Kaufhaus des Westens (Department Store of the West), or KaDeWe, has the area of 60,000 square metres of selling space. Here, you can find almost anything. Hundreds of clothing brands, unusual goods that you won’t find in any supermarket in Germany. Around 50000 people visit this largest department store on European continent every day.
Most of items in the KaDeWe are of the well-known luxury brands, so for most of the people it is more of the museum than a department store.
Other Unusual Things to Do in Berlin
It was very difficult to find the top 10 unusual things to do in Berlin. I could easily name 20 or 30, but I didn’t want this article to be too long. I will simply mention several other great lesser-known attractions in Berlin that are worth visiting.
- Karl-Marx-Allee – a long and broad boulevard with monumental Stalinist buildings that used to be one of the main streets in Eastern Berlin. Especially when the weather is gloomy (which happens often in Berlin), the avenue looks like from the old pictures.
- Grunewald – The largest park in Berlin. It is so big so that you can even see some wild animals there.
- Wannsee lake – a nice lake not far from the border with Potsdam in a beautiful and quiet residential area with some old timers driving around.
- Tempelhof – area that used to be an airport. There is nothing much to see here, but the locals love it.
- Hauptbahnhof – the main train station. Even if you don’t come to Berlin by train, you should definitely visit this huge multi-story train station.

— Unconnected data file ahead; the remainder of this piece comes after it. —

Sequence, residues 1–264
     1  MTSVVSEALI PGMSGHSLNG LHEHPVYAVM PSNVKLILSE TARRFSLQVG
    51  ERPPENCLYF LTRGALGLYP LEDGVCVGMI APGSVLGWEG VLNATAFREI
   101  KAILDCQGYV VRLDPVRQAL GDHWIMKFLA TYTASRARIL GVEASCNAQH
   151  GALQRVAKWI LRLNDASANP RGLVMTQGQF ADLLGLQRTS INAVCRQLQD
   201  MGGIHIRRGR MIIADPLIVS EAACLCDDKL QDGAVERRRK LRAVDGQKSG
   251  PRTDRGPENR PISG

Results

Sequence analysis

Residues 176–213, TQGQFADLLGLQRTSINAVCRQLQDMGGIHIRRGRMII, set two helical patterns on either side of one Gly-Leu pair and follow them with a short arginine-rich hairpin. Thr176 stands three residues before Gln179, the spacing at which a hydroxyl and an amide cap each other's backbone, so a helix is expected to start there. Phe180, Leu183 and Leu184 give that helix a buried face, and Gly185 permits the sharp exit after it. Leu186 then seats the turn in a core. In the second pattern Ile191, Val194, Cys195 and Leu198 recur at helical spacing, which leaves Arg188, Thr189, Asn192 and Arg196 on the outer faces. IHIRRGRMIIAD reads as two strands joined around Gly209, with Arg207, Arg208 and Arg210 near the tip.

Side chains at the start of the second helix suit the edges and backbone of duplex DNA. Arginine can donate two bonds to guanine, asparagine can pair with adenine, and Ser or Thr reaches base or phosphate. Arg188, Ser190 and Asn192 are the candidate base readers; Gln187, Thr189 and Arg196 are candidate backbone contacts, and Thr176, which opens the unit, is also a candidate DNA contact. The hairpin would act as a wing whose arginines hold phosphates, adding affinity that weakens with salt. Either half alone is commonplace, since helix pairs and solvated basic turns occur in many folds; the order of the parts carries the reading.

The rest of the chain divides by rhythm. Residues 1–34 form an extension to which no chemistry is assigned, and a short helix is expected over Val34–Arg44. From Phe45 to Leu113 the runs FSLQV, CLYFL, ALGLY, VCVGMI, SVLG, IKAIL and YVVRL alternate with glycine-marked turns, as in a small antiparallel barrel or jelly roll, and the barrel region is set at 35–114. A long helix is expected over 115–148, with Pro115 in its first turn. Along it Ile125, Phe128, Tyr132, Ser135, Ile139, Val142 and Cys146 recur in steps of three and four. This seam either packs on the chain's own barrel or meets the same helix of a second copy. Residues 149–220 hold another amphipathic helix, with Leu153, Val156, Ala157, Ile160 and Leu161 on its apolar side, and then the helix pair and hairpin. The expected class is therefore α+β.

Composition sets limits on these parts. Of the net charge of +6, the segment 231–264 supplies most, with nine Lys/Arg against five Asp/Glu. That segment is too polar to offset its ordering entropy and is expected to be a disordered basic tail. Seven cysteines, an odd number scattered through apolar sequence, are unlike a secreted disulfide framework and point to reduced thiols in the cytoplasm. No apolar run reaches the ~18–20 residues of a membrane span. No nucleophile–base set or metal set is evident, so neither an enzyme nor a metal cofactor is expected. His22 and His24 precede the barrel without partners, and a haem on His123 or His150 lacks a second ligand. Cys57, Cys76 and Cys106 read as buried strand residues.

Well, now you have a total of 25 typical and unusual things to do in Berlin. There is still something more that you need to know – general information before your visit.
General Information before Visiting Berlin
- They almost never accept cards. Supermarket chains do, but most of the cafes, bars and restaurants don’t or charge a high fee for paying with a card.
- You can drink beer on the street. I already mentioned this one. You can even take a beer to the train on the way home.
- They do speak English. It seems that only a small part of people living in Berlin are Germans. There are lots of Polish, Turkish, Russians, Americans and other people living here. Moreover, it is one of the most visited cities in Europe, so people do speak English pretty well.
- Public transport is relatively expensive and not very intuitive. Regular price for A+B zones (unless you visit Potsdam, you won’t need more) is 2,8 euros. But, you better pay that, as the fine is 60 for traveling without a ticket. There is U-Bahn, S-Bahn, Trams, Regional trains and Buses, so it may be difficult to understand the whole transportation system in Berlin.
- Riding a bike is convenient. Average daily bike rental price is 12 euros. It may be the most convenient way to get anywhere in Berlin.
- You can get to the Schoenefeld and Tegel airports by public transport. You can also get a transfer to the aiport for the convenience
Find the best hostel for your stay in Berlin
It was an overview of the top 10 (and some more) unusual things to do and see in Berlin. The city has a lot to offer, but by making this list you will really explore Berlin like a local. Read also about the way to spend a weekend in Amsterdam. Travel more!